I would also hope that crafts, in their own way, do the exact same thing!  Plus, they serve another purpose--a functional one (to varying degrees)-- whether they're Christmas decorations or embellished towels.  I've noticed that art can even repurpose previously practical things into the world of impracticality, thus "transmuting" them into something that has a singular purpose that denies the purpose of it's previous existence...   Doors as canvases, or sawtoothed blades as painting surfaces, or assemblages of kitchen items, and art quilting just to name a very few.  It requires the viewer to distinguish between form and function, and evaluate it's merits on two different scales.  Perhaps art tips the scales from one to the other?

So why is it considered more pure to create an object that has no other purpose than to be a piece of art than it is to create a utilitarian object that can be both?  Is distilling all other functions of an art piece "out of it" somehow considered more pure?  A higher aspiration?  I sometimes wonder if this isn't the great quandary for all art--it's curse and it's blessing simultaneously...

To bring this down to earth, I would venture to say that art which has non-utilitarian roots is, in some respects, more "elitist" than items that are considered artistic in addition to their function.

Honestly, I'm not sure I can appreciate art pieces as much anymore, since I've spent all my life working on developing my skills in making beautiful garments, which are inherently functional by their very nature.   I've come to love the process as much as the product.

I think that might be why there is such an upsurge in the DIY movement, and an appreciation of the making of things, and thereby bestowing a beauty that comes from the process of the making that is appreciated as much as the beauty of the final product itself.

Yet, art is intrinsically DIY.  It really can't be anything else.

Which brings me back to my first quandary: What really is the difference?

And where do I fit in?  Do I pursue art festivals, and maybe push harder into creating soft sculptures and assemblages using fabric that happen to be based on garments?  Or do I go the craft fair path and start making things that are beautifully functional?  Is it even possible to do both?  I would imagine it would require a bit more "repackaging" to market myself in the Fine Art circuits, with a distinct effort needed in creating less practical pieces and more contemplative creations...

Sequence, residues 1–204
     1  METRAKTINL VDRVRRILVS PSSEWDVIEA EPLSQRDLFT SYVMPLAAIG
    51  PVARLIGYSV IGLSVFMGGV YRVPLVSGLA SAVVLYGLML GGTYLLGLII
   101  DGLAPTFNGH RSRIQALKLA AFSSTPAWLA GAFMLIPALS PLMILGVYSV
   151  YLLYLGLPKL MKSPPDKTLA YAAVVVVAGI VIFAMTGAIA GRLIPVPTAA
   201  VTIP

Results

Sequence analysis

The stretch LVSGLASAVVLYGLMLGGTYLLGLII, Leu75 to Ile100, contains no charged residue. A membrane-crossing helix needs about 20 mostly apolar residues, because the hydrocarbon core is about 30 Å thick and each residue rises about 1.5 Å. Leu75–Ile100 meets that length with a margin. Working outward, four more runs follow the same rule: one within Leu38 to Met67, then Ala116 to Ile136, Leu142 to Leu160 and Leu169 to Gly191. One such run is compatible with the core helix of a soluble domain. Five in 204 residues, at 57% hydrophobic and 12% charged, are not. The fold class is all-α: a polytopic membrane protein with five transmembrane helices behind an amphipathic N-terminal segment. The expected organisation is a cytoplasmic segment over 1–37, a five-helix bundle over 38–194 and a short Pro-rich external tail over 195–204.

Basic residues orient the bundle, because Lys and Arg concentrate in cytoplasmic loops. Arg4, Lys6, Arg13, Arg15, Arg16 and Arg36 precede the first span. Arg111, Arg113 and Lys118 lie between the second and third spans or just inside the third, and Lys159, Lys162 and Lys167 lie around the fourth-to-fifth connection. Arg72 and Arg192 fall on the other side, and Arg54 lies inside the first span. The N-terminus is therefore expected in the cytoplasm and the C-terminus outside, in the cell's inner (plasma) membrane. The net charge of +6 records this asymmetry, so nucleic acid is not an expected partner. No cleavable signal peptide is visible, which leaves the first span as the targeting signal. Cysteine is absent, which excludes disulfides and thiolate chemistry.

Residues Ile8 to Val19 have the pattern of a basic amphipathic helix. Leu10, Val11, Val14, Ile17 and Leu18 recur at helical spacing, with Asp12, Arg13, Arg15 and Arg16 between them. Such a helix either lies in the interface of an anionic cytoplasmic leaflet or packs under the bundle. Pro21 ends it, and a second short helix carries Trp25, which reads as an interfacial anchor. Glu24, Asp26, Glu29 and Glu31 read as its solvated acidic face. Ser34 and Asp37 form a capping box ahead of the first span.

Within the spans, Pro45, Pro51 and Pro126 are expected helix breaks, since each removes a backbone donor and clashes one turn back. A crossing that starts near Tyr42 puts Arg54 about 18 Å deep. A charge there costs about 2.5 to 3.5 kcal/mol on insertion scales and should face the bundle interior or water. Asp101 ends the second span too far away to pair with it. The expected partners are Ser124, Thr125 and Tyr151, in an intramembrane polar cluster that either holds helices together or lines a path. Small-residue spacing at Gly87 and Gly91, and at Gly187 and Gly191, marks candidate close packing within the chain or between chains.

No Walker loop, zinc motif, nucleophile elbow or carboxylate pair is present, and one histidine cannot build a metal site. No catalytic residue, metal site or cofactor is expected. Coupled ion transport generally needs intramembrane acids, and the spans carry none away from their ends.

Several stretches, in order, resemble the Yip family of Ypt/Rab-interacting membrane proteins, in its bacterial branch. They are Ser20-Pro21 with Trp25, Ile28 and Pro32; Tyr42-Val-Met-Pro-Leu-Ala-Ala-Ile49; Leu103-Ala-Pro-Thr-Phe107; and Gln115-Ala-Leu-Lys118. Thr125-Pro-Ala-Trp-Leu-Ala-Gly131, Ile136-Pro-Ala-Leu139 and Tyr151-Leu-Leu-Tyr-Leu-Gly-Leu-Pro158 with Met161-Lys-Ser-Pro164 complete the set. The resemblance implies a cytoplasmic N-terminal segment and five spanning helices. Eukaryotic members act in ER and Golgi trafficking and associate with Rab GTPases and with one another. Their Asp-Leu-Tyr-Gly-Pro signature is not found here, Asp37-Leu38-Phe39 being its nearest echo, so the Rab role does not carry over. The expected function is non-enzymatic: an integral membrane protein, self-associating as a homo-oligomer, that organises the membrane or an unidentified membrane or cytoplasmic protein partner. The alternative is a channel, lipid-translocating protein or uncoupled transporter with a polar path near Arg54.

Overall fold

Hmmm....  Thoughts?  Does anyone else have these wild tangents in their head?  When you were signing up for things when you were starting out, did you already know what kinds of fairs and festivals would be appropriate for your work?

Until next time, Live Life with Relish!

Top image from backseatstreet via Flickr.  Creative Commons License.
Middle and bottom images from NatalieMaynor via Flickr.  Creative Commons License.


  1. When I first started selling my bags, my first instinct was to sell at a handmade market that only allowed stuff you make yourself. That worked out well. The other sellers were people like me. Customers who came knew what the market was about and was respectful and often encouraging with their words. Then I started venturing out to markets that had a mix of handmade and imported goods. Most handmade sellers do not like to compete with imported goods as they feel they will lose out. I realised that my sales are really good when I sell at commercial places, like shopping mall. Apart from the higher traffic from malls, I discovered that I stand out because there aren't many handmade sellers are such places.

  2. I think that may be a real key, Jane--selling your wares in places that are not the normal places! Who knew a mall might be a great source for handmade goods? Sounds like a niche you are taking advantage of! Good for you!!! I think I'll have to figure out how to take your advice... : )